Tampa Bay Business Journal: June 27, 2014

TAMPA - In this week's Tampa Bay Business Journal segment, editor Alexis Muellner discusses how the role of the traditional pharmacist is shifting, the major contract J. Kokolakis Contracting just received, and the hidden problem in Bay area mass transit.

Express Scripps recently laid off hundreds of people nationwide. Among the 400 people losing their jobs in Tampa were 123 pharmacists.

The role of the traditional pharmacist is shifting so much that students coming out of the first class of USF Health's College of Pharmacy are being taught to market themselves differently.

In the future, pharmacists will have to look for jobs that exist beyond the pharmacy counter. One reason is some health care providers now see the benefit of having in-house pharmacists to keep patients out of hospitals.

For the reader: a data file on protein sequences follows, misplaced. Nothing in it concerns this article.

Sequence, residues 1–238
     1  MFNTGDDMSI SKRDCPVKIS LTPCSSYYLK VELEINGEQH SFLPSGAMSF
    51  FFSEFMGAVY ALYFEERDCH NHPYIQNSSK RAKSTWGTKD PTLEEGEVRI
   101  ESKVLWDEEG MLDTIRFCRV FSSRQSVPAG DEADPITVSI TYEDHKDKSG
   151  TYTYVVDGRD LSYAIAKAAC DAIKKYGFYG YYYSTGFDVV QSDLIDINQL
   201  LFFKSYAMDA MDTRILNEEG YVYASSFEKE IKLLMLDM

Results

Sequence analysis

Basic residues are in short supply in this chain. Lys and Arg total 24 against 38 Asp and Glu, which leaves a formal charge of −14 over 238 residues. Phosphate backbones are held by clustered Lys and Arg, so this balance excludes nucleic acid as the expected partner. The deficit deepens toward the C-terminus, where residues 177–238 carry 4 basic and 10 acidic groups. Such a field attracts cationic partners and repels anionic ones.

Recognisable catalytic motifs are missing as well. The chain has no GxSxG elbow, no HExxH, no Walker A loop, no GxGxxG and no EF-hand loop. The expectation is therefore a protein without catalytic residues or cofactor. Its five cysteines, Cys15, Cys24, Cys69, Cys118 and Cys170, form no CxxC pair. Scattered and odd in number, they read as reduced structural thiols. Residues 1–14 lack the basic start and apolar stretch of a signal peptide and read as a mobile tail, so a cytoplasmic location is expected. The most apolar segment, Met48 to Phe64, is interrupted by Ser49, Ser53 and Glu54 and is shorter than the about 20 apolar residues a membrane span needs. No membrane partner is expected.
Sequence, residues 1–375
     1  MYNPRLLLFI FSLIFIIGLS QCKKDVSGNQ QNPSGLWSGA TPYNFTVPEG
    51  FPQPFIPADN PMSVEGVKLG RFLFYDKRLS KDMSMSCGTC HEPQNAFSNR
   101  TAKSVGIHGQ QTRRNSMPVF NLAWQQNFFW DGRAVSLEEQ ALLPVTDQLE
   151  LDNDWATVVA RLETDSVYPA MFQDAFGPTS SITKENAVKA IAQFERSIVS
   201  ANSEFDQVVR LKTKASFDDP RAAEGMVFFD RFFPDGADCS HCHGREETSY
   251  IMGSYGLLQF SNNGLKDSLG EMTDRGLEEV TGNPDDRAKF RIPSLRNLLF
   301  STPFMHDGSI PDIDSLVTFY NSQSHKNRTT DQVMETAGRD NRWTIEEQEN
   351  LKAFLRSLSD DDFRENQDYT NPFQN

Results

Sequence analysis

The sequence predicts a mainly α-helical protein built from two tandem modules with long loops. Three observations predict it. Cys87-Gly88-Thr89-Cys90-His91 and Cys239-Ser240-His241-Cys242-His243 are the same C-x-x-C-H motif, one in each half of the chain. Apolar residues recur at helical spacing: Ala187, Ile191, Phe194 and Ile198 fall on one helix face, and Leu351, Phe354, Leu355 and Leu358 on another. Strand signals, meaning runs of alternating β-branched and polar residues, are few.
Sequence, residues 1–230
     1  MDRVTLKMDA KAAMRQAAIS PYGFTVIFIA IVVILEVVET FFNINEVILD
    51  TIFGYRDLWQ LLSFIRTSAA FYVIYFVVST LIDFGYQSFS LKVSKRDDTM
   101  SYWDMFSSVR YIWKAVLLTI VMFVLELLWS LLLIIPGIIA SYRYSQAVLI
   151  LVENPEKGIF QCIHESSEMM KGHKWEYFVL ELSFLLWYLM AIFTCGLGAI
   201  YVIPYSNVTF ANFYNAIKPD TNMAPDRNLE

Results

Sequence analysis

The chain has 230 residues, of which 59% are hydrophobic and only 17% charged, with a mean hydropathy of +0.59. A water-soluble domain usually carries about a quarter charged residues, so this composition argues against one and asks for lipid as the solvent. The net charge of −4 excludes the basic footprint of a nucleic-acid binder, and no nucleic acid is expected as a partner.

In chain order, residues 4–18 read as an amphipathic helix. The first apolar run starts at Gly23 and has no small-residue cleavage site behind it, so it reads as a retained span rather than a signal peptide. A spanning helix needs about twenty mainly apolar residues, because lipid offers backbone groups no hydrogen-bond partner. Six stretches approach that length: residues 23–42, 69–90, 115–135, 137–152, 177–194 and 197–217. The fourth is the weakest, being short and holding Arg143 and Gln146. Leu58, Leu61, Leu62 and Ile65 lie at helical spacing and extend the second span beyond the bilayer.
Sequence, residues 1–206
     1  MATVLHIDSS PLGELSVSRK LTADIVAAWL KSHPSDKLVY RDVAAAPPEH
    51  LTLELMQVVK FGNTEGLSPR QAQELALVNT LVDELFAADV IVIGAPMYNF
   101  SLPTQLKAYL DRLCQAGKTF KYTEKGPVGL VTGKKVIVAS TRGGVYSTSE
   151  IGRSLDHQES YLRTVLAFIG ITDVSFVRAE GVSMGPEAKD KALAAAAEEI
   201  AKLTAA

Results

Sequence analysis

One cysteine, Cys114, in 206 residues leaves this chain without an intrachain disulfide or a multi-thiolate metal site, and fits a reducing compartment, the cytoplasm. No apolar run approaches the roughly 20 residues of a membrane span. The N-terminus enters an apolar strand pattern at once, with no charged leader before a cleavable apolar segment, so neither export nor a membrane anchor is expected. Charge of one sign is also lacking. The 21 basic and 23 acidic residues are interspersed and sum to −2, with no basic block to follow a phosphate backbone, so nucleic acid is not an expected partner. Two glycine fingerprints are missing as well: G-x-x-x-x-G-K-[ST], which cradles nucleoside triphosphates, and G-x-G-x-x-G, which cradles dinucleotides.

J. Kokolakis Contracting recently won a major contract from the U.S. Army to renovate and modernize the MacArthur Short Barracks at West Point. The contract is worth $48.83 million.

The Tarpon Springs business beat out five others in an online bidding process. What helped Kokolakis Contracting is there are now fewer companies vying for such jobs, thanks to an improving economy.

During the last recession, company officials say they could expect at three times as many bidders for tough-to-do government contracts. Better economic conditions means contractors found easier jobs, opening up opportunities for firms like Kokolakis Contracting.

The Business Journal says there is a major hidden problem in Bay Area mass transit" the first mile/last mile. The untalked about issue is how do riders get to and from the bus and/or train station.

Some people say it is too difficult to get to stations they end up driving a car instead. For the Bay Area to offer easy-to-use mass transit, a solution needs to be found to that problem.

For more information on these stories, click on the video player, go to www.youtube.com/watch?v=H5GN4IKBf4A or pick up this week's Tampa Bay Business Journal available on newsstands.

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